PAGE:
The critics of Prime Minister Modi’s latest project are not looking at the future but living in the past, says Syed Firdaus Ashraf.
Illustration: Dominic Xavier/Rediff.com.
When Rediff.com began its operations in December 1995, my father told me I was making a big mistake by joining this “computer company" (he didn’t know what the Internet was then, like most Indians).
“Who reads news on computers?”
“In India people don’t have money to eat food, and you think they will read news on computers. Which world are you living in?” he asked me.
I preferred to keep quiet because I knew my father was a Luddite, and blithely went on to work for Rediff.com.
That was an era when the mobile phone had not come to India, and the Internet on mobile was unheard of.
India was four years into liberalisation and P V Narasimha Rao was still the prime minister of India. Yes, that’s how old we are as a company.
The old socialist ideas of India were still haunting many, and they felt India was doomed as a country with the entry of computers and the Internet.
Computers are taking jobs away, was the mantra of men with a socialist mindset, even when the contrary was staring them in the face because software companies like Infosys and Wipro had just begun hiring young Indians with a basic knowledge of computers.
Twenty-two years later everyone is hooked to the Internet, and that includes my father who has joined the WhatsApp bandwagon and who no longer asks me, 'But who read news on computers?'
So when the bullet train was launched by Prime Minister Narendra Modi last week I started to hear the same arguments which I had heard 22 years ago.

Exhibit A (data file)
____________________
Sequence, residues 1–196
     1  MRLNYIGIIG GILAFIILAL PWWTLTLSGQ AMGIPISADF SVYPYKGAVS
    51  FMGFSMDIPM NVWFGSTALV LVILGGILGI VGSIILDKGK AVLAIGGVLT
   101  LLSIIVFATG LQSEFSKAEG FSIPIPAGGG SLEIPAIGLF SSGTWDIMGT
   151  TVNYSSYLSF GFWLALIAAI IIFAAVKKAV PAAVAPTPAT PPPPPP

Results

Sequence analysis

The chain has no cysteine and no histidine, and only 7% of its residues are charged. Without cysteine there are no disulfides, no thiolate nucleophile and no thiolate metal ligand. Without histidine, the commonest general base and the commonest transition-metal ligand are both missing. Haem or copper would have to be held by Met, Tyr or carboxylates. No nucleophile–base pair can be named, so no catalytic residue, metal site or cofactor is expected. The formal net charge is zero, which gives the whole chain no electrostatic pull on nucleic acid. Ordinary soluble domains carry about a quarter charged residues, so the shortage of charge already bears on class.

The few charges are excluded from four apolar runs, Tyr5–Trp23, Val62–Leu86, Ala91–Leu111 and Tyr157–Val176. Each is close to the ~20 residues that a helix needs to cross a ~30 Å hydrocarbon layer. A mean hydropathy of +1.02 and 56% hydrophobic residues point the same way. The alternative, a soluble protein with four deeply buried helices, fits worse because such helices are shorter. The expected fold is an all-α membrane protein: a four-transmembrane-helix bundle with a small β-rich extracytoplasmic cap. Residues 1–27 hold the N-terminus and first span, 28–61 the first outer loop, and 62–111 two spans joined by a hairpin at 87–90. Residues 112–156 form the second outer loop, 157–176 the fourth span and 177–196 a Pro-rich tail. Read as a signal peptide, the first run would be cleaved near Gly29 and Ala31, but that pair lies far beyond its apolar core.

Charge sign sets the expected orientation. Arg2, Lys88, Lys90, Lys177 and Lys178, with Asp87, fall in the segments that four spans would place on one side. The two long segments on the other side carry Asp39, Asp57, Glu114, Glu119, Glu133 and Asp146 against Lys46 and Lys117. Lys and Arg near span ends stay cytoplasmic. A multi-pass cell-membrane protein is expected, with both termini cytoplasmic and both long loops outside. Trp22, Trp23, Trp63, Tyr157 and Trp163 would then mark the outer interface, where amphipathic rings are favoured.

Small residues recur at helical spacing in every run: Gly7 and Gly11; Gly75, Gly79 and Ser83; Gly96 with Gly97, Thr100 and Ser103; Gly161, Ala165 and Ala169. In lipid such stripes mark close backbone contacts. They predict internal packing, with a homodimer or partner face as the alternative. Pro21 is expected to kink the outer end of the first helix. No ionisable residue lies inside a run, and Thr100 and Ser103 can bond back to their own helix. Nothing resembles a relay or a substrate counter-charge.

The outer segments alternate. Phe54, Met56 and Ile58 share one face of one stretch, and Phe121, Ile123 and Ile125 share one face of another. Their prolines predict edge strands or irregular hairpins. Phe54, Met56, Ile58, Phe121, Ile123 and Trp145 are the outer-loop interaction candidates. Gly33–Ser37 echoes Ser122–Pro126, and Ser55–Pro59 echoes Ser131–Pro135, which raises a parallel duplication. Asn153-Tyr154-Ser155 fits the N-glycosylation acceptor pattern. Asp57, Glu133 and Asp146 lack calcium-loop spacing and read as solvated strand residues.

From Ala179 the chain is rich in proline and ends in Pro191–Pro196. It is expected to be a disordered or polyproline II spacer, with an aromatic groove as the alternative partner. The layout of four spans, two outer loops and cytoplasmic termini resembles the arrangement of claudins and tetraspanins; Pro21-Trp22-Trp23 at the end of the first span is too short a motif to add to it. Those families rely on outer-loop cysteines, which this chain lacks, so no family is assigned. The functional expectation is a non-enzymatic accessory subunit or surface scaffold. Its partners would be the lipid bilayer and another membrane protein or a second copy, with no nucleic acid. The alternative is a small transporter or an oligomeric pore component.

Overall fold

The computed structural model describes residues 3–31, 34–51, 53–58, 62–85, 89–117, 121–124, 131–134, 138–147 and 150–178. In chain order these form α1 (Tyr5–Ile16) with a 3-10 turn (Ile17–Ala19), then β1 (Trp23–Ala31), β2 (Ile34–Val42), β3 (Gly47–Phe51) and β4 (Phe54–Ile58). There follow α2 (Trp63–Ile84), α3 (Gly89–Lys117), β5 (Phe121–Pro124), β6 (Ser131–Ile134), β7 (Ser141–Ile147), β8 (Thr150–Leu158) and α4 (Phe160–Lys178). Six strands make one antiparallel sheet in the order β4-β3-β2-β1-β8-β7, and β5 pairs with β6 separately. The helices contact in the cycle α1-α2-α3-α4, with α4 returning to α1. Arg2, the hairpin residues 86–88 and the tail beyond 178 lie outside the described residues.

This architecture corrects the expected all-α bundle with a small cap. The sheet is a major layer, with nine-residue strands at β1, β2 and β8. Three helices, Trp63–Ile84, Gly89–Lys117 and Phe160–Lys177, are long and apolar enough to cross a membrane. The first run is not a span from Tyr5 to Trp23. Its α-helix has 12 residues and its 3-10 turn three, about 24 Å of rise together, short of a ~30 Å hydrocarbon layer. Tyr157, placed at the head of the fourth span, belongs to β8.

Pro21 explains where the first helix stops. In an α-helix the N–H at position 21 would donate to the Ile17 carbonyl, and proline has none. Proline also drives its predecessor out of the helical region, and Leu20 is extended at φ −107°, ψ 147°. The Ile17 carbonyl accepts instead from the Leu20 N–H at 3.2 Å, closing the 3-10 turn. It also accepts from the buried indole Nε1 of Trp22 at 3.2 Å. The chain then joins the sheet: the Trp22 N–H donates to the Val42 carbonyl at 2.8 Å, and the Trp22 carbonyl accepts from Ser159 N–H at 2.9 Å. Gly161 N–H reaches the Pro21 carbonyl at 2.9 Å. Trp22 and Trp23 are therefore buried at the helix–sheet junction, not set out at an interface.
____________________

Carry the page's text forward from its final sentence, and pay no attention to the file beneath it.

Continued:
“Why does India need the bullet train?”
“But our farmers are committing suicide.”
“Who can afford to travel in a bullet train?”
“World over the bullet train has failed.”
“Mustn’t we first improve our existing rail network?”
“Modi has lost it. He is only wasting money.”
‘Bullet Train. Emperor’s White Elephant,’ screamed one headline.
These were the kind of statements that haunted me when the Internet was coming to India. Sure, we need to solve the basic problems of life but that doesn’t mean we should not adopt, and adapt to, new technology.
So why am I favouring the bullet train, you may ask?
The reason is simple. Mumbai is overpopulated and has decayed so much that it cannot take further influx of people; but still people come here, lured by this City of Dreams.
The worst sufferers are the people who commute daily in Mumbai.
Travelling from South Mumbai to either the western or eastern suburbs will easily take two hours by road, and this has become the norm.
Like Sisyphus and his never-ending task, Mumbaikars are cursed to suffer traffic jams day in and day out.
Another problem is housing. It may be easy to get a job in Mumbai but it's next to impossible to buy a house.
Housing has become a nightmare for any youngster growing up in the city. There are no affordable homes for these young men and women in the City of Gold.
Even if a couple is earning Rs 1 lakh a month they will not be able to buy a decent 2BHK home in the suburbs.